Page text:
Turkish Parliament Approves Deployment of Observer Troops to Karabakh
Turkey’s parliament on Tuesday approved the government’s plan to deploy Turkish troops in Azerbaijan.
The motion, which was submitted by Turkish President Recep Tayyip Erdogan’s government, seeks to deploy troops for peacekeeping in Upper Karabakh region for one year.
The deployment “will be for the benefit and welfare of the people in the region,” the motion said, adding the move will also be in Turkey’s national interests.
The ruling Justice and Development (AK) Party, the main opposition Republican People’s Party (CHP), and two other opposition parties, the Nationalist Movement Party (MHP) and the Good (IYI) Party, backed the motion.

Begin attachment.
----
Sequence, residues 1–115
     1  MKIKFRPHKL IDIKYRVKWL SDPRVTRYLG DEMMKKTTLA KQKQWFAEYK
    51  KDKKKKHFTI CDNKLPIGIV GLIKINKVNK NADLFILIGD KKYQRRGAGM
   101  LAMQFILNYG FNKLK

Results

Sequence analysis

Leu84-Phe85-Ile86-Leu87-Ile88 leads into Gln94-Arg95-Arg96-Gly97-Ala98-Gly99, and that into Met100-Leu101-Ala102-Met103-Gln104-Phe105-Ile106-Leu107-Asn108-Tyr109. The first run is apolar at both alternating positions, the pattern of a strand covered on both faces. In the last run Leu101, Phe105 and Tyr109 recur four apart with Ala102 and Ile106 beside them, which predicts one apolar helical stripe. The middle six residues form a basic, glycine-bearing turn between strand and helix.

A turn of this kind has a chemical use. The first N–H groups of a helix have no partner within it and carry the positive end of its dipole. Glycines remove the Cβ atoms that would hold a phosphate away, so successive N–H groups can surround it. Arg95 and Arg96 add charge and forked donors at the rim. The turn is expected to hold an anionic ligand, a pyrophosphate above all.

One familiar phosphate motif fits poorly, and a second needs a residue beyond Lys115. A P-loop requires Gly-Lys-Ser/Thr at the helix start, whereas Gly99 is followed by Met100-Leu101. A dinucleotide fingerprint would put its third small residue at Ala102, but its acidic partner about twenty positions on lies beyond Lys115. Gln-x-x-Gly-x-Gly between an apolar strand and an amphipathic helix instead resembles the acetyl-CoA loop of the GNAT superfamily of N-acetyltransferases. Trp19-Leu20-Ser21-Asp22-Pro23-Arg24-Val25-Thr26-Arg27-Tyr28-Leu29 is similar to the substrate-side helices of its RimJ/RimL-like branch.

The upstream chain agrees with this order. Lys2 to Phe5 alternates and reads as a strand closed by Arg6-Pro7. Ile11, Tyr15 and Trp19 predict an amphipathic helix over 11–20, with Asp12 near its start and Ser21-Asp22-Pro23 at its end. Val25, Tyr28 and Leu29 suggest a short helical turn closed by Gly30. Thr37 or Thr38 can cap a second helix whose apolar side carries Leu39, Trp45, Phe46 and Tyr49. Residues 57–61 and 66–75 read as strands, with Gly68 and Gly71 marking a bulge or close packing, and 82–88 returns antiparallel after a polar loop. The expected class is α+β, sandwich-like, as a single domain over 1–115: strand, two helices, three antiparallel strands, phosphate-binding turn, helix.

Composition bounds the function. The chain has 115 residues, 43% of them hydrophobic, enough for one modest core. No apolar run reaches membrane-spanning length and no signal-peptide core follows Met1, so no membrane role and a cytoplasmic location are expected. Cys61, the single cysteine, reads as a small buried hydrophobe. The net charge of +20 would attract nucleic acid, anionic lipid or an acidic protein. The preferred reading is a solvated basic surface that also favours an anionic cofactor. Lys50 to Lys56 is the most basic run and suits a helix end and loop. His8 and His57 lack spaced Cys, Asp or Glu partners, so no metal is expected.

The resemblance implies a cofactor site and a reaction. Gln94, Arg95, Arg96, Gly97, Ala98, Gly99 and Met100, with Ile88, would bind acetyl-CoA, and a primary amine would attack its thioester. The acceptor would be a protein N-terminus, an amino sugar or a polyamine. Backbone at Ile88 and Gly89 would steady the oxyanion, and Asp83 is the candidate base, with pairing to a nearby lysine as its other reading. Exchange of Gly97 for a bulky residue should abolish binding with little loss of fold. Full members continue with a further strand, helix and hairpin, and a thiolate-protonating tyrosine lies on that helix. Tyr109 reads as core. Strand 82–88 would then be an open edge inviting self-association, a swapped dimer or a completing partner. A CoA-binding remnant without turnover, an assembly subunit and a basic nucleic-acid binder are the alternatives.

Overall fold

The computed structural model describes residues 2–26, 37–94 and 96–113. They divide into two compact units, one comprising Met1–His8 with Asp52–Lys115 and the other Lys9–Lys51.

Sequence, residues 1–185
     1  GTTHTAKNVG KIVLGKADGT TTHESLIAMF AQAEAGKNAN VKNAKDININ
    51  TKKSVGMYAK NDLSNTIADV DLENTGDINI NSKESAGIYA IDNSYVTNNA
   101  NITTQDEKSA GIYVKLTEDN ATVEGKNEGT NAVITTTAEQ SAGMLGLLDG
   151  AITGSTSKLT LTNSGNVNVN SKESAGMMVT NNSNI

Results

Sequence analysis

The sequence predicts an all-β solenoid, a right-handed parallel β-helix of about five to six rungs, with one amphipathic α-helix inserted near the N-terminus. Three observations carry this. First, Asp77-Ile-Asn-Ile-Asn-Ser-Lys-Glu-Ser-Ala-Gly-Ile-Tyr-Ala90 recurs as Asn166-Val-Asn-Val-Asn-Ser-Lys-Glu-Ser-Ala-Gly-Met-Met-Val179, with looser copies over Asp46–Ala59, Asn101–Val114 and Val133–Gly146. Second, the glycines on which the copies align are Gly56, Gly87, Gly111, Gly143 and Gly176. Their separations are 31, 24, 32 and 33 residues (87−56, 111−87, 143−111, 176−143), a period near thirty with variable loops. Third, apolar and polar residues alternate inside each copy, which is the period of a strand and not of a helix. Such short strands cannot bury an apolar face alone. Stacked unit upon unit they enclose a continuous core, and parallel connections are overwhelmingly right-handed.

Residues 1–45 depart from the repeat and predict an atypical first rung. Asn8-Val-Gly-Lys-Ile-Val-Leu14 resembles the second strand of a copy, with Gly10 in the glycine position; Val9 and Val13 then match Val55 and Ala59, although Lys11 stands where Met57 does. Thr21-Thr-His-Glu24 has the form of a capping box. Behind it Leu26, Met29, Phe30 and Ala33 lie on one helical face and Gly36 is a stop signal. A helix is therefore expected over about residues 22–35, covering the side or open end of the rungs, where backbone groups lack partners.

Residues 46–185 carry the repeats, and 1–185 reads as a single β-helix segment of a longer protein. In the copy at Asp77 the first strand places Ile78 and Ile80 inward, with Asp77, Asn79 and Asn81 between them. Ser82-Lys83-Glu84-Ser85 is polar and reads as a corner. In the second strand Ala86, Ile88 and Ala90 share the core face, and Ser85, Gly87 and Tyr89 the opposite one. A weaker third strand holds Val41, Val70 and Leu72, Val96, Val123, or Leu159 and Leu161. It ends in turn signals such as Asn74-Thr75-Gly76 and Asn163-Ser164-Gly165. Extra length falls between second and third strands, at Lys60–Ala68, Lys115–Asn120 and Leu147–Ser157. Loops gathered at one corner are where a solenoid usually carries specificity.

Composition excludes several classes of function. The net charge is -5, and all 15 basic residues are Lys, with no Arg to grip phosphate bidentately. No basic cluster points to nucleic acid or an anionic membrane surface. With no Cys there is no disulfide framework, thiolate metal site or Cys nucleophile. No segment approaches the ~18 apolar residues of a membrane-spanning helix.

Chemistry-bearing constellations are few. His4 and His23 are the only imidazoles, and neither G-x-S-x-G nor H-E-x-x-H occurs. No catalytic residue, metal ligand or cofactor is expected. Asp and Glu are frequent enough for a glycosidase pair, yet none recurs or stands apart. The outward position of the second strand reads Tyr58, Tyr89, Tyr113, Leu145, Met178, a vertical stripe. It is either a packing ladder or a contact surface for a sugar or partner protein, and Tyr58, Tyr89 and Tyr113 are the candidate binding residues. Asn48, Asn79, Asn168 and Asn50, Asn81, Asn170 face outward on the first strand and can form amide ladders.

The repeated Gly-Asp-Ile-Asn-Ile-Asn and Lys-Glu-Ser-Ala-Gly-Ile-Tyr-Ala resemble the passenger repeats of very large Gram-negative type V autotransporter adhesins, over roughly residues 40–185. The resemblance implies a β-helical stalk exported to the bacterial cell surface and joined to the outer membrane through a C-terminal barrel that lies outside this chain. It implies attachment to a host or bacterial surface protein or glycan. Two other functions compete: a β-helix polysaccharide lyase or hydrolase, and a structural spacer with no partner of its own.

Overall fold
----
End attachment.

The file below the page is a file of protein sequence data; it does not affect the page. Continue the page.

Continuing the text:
The troops will join Russian forces for observation in Nagorno-Karabakh region.
Some 2,000 Russian “peacekeepers” have already started their deployment to the area.
Fighting between Azerbaijan and Armenia ended after a Russia-brokered agreement on November 10.
The Turkish leadership welcomed the truce, terming it a ‘great victory’ for Azerbaijan.
Turkey and Russia have since signed a memorandum of understanding to set up a joint Turkish-Russian center to monitor the Karabakh peace deal.
Relations between the former Soviet republics of Azerbaijan and Armenia have been tense since 1991 when the Armenian military occupied Nagorno-Karabakh, also known as Upper Karabakh, a territory recognized as part of Azerbaijan, and seven adjacent regions.
In total, about 20% of Azerbaijan’s territory has been under illegal Armenian occupation for nearly three decades.
New clashes erupted on September 27 and the Armenian army continued its attacks on civilian and Azerbaijani forces, even violating three humanitarian cease-fire agreements for 44 days.
On november 10, 2020, President of Azerbaijan Ilham Aliyev announced the end of the Karabakh conflict between Baku and Yerevan with the new agreement.